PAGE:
Mary Tedrow, a retired high school teacher, who is now the director of the Shenandoah Valley Writing Project at Shenandoah University in Winchester, VA. recently had the opportunity to tour Finnish schools. She said that while in Finland she realized how “mean-spirited” the U.S. K-12 system is.
Finland, as you probably know, is considered to have one of the top education systems in the world. They score at the top on PISA and have been at the top since 2000. I wrote about some distinctions at Caffeinated Thoughts in 2014, and here are some differences:
- Finnish children don’t start formal reading instruction until they are 7-years-old, and compulsory attendance is age 6-16. In the United States, we are pushing early education with most children starting school at 5-years-old and many children beginning when they are 4-years-old with preschool, and there is a significant push to make preschool universal, and I wouldn’t be surprised down the road if there is a push to make it compulsory.
- They have less homework than many of their international peers. The amount of homework students in the U.S. varies by local school districts, but there is a trend for more and more homework for students, even elementary students. Common Core-aligned math homework has exasperated this for some.
- Finnish students only take one standardized test given in their final year of high school. American students can expect standardized tests at least in Grades 3-8 and 11th Grade. Some school districts and states assess even more.
Tedrow writes about the differences between the two systems and the problem of high school drop-outs.
She describes the Finnish system:
Though students are required to go to school only until age 16, those who leave before secondary school are considered dropouts. Programs designed to entice these youngsters — typically those who struggle academically for a variety of reasons — back into education address the national 5 percent dropout rate. We visited one of these classrooms where teachers rotated three weeks of instruction with three weeks of internships in area businesses.
We toured a secondary school with both a technical and academic wing. The teachers were experimenting with melding the two programs. In the technical wing, we visited a classroom where adults were receiving training to make a career switch. Free.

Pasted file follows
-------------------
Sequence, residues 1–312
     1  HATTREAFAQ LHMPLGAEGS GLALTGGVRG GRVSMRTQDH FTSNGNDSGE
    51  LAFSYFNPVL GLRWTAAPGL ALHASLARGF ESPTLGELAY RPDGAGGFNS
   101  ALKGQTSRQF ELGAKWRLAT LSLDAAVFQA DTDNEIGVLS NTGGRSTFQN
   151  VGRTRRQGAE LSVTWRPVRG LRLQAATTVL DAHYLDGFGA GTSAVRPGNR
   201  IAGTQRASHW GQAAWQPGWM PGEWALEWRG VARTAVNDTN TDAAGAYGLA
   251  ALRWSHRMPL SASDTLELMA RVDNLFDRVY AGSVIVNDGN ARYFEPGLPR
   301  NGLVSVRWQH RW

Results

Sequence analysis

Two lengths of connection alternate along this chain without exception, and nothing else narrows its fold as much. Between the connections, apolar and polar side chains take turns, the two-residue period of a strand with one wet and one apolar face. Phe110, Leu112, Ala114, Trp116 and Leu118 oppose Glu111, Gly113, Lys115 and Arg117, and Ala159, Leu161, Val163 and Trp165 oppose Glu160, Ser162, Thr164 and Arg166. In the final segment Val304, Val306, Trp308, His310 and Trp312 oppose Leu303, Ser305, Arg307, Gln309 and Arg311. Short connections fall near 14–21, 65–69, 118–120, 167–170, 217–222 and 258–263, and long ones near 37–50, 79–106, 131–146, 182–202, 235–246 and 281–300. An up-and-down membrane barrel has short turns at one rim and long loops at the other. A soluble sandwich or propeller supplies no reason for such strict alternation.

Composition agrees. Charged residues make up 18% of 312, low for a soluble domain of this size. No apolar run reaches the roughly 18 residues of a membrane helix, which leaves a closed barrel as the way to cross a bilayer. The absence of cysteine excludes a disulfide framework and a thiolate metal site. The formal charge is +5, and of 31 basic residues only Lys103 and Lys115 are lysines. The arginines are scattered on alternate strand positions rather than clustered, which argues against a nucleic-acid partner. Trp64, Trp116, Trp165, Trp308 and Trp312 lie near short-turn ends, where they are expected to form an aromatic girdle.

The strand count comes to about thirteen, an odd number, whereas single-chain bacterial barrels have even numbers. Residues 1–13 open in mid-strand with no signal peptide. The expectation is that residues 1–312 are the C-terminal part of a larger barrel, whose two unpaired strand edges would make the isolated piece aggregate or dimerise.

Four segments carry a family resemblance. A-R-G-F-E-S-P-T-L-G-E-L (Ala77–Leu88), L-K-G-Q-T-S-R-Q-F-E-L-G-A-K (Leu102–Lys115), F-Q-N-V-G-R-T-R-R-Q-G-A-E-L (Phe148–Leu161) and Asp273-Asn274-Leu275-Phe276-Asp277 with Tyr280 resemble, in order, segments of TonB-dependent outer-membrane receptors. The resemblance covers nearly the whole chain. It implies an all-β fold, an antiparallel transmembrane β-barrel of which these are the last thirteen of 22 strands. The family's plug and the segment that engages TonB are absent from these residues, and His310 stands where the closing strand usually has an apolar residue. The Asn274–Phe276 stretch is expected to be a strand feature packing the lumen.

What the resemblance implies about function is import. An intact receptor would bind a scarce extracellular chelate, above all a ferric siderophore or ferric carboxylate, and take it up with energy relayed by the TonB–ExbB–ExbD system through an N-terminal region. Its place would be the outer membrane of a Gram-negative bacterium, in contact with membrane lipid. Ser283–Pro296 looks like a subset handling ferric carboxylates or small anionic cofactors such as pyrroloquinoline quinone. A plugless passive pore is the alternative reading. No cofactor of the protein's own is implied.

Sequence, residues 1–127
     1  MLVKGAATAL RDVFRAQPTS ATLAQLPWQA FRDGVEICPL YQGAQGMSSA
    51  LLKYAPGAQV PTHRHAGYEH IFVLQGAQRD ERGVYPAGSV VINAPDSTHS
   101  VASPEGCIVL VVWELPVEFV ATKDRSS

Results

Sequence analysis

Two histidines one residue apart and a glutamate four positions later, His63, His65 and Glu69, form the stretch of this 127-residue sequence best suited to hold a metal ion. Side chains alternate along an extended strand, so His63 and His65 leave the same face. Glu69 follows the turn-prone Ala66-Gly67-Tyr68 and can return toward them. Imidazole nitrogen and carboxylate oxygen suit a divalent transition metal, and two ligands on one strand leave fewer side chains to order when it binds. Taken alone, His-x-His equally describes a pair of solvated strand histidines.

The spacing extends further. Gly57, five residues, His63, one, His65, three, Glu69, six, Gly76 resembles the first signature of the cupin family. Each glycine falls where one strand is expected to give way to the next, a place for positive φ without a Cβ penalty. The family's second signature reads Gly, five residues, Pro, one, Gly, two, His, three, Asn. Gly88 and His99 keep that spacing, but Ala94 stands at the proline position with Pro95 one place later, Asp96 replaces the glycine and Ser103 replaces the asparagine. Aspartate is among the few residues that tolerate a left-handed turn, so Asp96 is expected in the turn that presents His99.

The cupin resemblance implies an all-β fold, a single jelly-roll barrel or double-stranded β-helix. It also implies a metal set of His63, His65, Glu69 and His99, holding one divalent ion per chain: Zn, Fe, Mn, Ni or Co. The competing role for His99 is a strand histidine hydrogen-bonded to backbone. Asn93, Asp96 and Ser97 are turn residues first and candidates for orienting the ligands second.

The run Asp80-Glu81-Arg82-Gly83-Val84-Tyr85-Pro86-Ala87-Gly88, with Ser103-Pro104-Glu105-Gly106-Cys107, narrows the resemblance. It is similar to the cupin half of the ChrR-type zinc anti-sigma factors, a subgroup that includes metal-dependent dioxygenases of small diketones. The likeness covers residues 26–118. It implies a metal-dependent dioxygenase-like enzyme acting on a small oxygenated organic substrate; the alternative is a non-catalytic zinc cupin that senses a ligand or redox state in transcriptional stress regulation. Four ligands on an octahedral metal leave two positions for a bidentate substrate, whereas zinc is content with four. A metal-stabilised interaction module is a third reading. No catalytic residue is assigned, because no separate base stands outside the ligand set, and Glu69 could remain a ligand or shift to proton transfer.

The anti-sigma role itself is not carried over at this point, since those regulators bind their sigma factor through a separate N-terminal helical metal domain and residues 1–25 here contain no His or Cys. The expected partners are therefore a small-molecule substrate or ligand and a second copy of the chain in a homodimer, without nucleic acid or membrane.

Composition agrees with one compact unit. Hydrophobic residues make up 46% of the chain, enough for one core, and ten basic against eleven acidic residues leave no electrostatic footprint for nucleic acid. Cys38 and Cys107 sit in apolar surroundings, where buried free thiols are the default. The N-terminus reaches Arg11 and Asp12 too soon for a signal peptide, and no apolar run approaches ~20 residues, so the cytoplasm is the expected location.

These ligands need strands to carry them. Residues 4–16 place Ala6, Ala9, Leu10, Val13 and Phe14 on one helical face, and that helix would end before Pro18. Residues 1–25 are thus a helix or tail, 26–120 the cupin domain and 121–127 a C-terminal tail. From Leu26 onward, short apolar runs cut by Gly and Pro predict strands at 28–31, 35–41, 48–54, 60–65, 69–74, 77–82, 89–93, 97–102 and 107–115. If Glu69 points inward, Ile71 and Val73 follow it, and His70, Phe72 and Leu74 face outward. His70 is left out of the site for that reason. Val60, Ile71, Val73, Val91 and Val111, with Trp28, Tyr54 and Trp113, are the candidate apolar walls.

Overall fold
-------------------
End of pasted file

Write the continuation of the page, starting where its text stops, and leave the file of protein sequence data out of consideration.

The fact that students can fail and return, or work and return, or retire and return had a palpable effect on the mood and the tone of the buildings.
She also notes that Finland provides free dental, medical and psychiatric services for students, but people who take note of this seem to fail to grasp that the United States has decidedly more students than Finland.
She contrasted this with the United States saying our education system is “mean-spirited” by comparison:
Our students enter at around age 5 and have some 13 years to attain a high school diploma. Failure to earn a diploma is a dead end for most. In the United States, when students fail at school — or leave due to many other factors, sometimes just as resistant teenagers — we are done with you. Sure, there are outliers who are successful through luck, sweat, connections or all three, but for most, the lack of a diploma is a serious obstacle toward advancement.
She also provided this contrast:
Unlike the Finnish competency system, ours is based on meeting a prescribed set of standards by passing tests of discrete knowledge. Our students face a gauntlet of tests, even though any standards can be woefully outdated by the time a graduate enters a quickly evolving job market. The Finns take matriculation tests (there is choice in these as well) at the end of secondary but all interviewed said the scores did not have much bearing on what students could do next.
So is our education system “mean-spirited”?
There are a number of lessons we can learn from Finland. One thing people have to understand that Finland is also more homogenous, they have fewer students so their investment can go further.
That is not the case in the United States.